Pilsener with Peppermint and Lemongrass

"A Pilsener with lemongrass and peppermint merits winning the category due to the perfection of its wrongness. You can't find it anywhere now, and those responsible have already paid for their crime so there will be no naming of names.

Sometimes novelty for novelty's sake can result in flavor combinations which we never would expect to coexist peacefully, but somehow it happens to work. In this case, not." — Alex Crowe (The Restaurant School at Walnut Hill College)

Ghost Scorpion Lager
Ghost Scorpion Lager

"Elevator Brewing Ghost Scorpion Lager—beer made with ghost peppers? Had to try it. Once was enough." — Chris Karl (Yogi's Grill & Bar)

Twisted Pine Brewery’s Ghost Face Killah
Twisted Pine Brewery’s Ghost Face Killah
"I know among beer nerds it’s *somewhat* well known, but I’d have to say that weirdest thing on the market right now is Twisted Pine Brewery’s Ghost Face Killah. Chili beers have been around for a while, and some of them are drinkable in the right situations and can actually be successful pairings with the right meal. Ghost Face Killah, on the other hand, is “weird” in that it’s hard to think of a situation where I’d want (or anyone would want) to sit down and drink a full bottle of the stuff. It’s made with Ghost Peppers, and even as a fan of super spicy stuff, I can’t get through more than maybe half a bottle. Even just a few sips will leave you with a burn that will last for quite some time." — Jonathan Whitaker (International Tap House)
Odell’s Avant Peche
Odell’s Avant Peche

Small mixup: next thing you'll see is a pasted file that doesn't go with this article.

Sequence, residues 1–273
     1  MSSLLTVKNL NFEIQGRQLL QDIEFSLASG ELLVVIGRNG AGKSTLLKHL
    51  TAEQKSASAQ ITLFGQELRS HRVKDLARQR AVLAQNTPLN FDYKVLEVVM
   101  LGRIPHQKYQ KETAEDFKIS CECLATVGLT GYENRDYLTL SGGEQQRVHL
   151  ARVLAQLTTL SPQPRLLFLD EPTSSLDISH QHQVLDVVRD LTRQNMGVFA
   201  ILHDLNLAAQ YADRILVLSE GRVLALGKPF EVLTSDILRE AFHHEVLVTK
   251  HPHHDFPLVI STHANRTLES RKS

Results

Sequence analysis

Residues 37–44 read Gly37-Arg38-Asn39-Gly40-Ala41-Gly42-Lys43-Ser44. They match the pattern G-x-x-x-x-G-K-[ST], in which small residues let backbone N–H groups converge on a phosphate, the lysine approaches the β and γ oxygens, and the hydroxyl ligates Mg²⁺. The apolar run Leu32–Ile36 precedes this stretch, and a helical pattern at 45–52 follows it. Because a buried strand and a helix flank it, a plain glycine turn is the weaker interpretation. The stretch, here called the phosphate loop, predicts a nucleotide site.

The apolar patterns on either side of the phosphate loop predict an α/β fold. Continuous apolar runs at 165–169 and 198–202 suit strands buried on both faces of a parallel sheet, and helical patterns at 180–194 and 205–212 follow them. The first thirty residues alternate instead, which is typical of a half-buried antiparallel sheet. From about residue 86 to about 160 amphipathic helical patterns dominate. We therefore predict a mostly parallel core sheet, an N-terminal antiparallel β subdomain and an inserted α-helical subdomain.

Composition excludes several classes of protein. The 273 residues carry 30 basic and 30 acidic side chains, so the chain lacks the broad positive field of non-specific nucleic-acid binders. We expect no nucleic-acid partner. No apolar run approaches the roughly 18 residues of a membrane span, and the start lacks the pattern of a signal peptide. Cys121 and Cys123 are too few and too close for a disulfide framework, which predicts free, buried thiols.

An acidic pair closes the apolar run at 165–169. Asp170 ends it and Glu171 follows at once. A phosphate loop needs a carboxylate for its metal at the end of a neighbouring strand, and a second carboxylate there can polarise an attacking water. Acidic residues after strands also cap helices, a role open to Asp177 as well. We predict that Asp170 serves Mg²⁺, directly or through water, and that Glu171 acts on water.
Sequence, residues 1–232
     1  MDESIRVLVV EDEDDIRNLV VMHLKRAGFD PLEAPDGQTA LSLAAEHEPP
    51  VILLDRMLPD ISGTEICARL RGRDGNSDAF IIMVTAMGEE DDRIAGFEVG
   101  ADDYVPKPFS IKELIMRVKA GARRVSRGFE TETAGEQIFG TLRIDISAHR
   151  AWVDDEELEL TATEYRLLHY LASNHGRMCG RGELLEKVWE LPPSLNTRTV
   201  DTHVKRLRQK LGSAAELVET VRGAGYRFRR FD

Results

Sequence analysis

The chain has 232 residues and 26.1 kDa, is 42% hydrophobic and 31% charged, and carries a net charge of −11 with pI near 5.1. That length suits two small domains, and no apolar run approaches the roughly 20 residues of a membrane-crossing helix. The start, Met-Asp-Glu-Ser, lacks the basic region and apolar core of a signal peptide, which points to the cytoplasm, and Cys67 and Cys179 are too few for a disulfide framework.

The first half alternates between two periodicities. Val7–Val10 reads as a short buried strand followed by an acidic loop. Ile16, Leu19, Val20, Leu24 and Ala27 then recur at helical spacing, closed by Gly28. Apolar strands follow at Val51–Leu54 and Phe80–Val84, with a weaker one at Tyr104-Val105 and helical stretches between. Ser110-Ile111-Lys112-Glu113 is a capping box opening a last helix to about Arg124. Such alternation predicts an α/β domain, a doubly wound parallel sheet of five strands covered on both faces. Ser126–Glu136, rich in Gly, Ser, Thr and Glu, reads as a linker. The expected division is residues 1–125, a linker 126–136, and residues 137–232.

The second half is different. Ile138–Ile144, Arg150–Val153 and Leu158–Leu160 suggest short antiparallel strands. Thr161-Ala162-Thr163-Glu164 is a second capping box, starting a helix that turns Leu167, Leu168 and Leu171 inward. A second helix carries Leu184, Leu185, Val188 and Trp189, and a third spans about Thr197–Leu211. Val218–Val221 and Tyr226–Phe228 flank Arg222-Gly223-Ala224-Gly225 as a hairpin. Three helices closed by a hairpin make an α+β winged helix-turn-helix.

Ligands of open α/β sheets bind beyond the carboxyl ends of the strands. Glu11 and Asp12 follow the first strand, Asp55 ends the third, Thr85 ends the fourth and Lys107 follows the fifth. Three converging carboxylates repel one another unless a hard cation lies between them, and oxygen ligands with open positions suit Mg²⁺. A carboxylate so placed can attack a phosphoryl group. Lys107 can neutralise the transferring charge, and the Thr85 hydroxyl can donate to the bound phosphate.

"I think the weirdest beer that I’ve ever tried was Odell’s Avant Peche. It was an Imperial Porter aged on oak with peaches and wild yeast. I guess that makes it an imperial peach lambic porter? I don’t care what you’d call it, it was really interesting and I would love to be able to drink it again. Chocolaty, roasty, tart, peachy, oaky, and something unlike any other beer I’ve ever had." — Justin Bonard (The Meddlesome Moth)
Brewdog's Sink the Bismark
Brewdog's Sink the Bismark
"Sink the Bismark from Brewdog is up there as far as a weird or unusual beer that I’ve tried. It’s a 41% IPA from Scotland that’s fully oxidized. It’s definitely not something I’d drink when I’m in the mood for a beer in the classical sense, but as an aperitif or something to round off a meal, it’s great. It reminds me of what a hop cordial would taste like." — Anne Berecca (The Ginger Man)
Red Swingline Stapler
Red Swingline Stapler
"The weirdest, and yet one of the tastiest, beers I've ever tried comes from Trinity Brewing Company in Colorado Springs, CO. Red Swingline Stapler is an IPA Primitif. Basically, it's a sour IPA that's only about 4.8% abv. Now, when I first heard this description, I felt my face curl up into a confused and slightly weirded out pose. But when I tried Swingline, I set my glass down after the first sip and calmly stated 'I found my new favorite beer.' Get to the Springs and drink this beer." — Sarah Huska (Eureka! Burger)